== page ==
# Simple VU meter with Lm3915

I'm making a VU meter with an LM3915 and I would like to be able to plug my computers audio output into the LM3915 directly and get it to register. I've been searching the internet for a design but can seem to get any to work without a preamp. Anyone know of a schematic that would work without a pre amp?

Data Sheets

Russell mentioned probably more ways to solve the problem than you care about, but that's Russell: always gives extensive answers :-)

The Greinacher multiplier he mentioned at the end of his answer may work, but the diodes may mean that you already need a rather high input voltage, I don't know if it will work well on the line output. (The Greinacher is typically used to multiply power supply voltages, not signals. It can be used to get kilovolts from a 110V or 230V line voltage, for instance.)

Russell also mentioned this opamp amplifier:

This is one of the basic opamp circuits, and is easy to understand if you know some basic things about opamps:

• The ideal opamp has infinite amplification
• The output signal is the amplified difference between the inputs
• The ideal opamp has zero input current

The first two items imply that you'll get a finite output signal if both inputs are almost at the same level. And that's what an opamp in a negative feedback system will do: it will try to make the level on the - input (called the inverting input) the same as on the + input (the non-inverting input). So that will be $V_{IN}$, and the current through R1 is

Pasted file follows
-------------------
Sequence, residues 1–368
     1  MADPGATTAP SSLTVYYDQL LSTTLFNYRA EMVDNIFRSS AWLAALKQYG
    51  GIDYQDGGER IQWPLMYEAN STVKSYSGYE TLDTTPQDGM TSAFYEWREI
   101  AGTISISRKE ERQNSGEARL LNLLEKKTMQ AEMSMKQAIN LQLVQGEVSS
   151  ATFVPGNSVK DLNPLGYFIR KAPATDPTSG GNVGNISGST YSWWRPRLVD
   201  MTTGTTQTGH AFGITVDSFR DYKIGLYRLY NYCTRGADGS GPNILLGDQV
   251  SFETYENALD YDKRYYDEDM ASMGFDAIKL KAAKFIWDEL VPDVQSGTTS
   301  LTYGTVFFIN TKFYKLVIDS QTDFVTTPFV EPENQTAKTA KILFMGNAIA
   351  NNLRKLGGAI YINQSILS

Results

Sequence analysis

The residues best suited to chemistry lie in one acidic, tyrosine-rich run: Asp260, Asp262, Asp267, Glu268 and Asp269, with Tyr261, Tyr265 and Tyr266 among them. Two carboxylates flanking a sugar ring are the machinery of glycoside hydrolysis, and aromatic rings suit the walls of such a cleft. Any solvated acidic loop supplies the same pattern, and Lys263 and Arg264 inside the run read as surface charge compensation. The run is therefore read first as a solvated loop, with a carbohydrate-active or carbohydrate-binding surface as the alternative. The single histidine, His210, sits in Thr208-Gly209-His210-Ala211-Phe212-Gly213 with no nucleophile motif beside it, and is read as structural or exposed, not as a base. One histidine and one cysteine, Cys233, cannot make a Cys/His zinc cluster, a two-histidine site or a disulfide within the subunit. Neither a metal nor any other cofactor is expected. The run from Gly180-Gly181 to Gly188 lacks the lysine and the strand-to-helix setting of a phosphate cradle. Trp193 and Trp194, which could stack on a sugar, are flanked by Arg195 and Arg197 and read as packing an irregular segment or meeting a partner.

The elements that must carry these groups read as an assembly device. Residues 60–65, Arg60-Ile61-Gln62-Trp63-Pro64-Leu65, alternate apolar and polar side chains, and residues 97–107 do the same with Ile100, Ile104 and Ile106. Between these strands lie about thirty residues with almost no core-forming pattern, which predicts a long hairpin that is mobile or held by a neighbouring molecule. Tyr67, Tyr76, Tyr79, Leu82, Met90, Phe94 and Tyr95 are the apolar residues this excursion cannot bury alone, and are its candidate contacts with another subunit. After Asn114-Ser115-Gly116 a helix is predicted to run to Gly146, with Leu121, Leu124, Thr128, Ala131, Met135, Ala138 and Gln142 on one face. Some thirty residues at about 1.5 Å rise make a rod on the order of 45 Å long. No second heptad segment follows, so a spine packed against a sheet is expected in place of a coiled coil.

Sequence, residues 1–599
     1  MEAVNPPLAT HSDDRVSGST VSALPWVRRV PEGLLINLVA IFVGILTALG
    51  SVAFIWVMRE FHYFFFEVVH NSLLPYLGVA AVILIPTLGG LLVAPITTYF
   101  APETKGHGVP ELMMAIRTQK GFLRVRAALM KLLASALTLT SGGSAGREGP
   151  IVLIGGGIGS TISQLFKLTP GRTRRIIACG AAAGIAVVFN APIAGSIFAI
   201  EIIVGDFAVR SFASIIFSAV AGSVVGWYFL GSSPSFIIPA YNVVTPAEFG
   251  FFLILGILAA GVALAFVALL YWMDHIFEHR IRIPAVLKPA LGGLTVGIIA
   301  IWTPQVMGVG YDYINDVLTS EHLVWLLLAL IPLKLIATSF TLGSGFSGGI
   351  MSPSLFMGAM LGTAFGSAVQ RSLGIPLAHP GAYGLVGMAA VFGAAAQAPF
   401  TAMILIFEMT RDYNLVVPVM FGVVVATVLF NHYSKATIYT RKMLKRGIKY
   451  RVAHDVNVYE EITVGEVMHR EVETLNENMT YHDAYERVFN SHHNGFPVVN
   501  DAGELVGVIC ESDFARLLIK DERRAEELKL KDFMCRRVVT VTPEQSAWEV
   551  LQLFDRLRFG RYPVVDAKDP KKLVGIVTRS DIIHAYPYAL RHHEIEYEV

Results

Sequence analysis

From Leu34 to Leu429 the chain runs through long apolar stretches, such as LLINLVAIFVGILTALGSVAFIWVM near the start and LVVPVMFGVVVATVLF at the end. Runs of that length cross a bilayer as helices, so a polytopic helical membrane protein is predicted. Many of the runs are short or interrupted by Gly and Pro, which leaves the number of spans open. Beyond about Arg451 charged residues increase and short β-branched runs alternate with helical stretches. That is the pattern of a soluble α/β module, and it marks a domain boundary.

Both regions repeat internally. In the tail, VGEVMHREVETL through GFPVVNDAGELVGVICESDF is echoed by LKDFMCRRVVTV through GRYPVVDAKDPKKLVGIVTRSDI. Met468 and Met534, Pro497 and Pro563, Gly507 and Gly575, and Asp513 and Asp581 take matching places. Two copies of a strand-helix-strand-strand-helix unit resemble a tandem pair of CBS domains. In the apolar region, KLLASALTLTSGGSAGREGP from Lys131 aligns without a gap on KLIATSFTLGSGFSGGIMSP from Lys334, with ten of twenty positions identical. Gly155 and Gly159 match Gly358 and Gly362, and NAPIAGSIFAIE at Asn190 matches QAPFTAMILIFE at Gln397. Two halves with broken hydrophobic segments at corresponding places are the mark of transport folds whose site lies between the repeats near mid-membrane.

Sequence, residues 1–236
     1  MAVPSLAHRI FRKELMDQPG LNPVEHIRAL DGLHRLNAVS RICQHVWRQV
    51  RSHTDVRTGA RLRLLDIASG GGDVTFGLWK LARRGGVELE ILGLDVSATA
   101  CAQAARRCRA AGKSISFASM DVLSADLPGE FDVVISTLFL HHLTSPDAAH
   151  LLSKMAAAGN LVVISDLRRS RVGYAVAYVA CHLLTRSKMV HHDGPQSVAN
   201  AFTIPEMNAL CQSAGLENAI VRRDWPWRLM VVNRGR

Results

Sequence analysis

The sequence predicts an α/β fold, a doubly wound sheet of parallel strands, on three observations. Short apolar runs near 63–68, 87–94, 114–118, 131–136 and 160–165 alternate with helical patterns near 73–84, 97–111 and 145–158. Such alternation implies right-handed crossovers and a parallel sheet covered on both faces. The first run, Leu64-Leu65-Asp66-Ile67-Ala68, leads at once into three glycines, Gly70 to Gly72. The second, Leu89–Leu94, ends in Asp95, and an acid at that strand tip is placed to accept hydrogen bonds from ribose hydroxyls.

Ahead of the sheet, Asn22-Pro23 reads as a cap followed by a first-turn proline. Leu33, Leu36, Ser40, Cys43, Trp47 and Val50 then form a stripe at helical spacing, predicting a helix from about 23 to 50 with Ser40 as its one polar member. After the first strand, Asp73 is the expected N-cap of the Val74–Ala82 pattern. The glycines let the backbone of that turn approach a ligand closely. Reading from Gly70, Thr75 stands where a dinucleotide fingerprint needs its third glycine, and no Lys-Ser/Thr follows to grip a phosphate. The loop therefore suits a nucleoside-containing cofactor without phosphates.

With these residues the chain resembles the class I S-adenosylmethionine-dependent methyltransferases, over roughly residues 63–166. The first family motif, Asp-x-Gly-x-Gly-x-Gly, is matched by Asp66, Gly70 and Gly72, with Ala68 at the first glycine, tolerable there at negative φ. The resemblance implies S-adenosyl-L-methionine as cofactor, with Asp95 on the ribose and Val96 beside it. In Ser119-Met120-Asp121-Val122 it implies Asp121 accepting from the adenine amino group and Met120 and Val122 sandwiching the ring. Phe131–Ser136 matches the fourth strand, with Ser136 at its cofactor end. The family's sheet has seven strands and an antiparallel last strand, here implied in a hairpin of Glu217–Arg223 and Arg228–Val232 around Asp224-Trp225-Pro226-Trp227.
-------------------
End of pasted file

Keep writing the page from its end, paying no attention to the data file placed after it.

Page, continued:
$I_{R1} = \dfrac{V_{IN}}{R1}$

Since there doesn't flow current in the - input the current through R1 is the same as the current through R2, so the voltage over R2 is

$V_{R2} = I_{R1} \times R2$

and therefore

$V_{OUT} = V_{IN} + \dfrac{V_{IN}}{R1} \times R2$

or

$V_{OUT} = (1 + \dfrac{R2}{R1}) \times V_{IN}$

So, if we choose R1 = 1k$\Omega$ and for R2 a 100k$\Omega$ potentiometer, we can vary the amplification between 1x and 101x. This will be a good amplification for a line out signal, and you can set the amplification to the LM3915's full scale.

• My method 2 - using a transformer, probably best suits his overall aims. I think he may want an electronics-less solution so that he can use an existing LM3815 based product. The transformer would allow it to be "just hooked up". Using the cheap transformer that I noted at Jameco as an auto transformer gives a 4:1 stepup with minimal effort. Commented Aug 11, 2011 at 13:07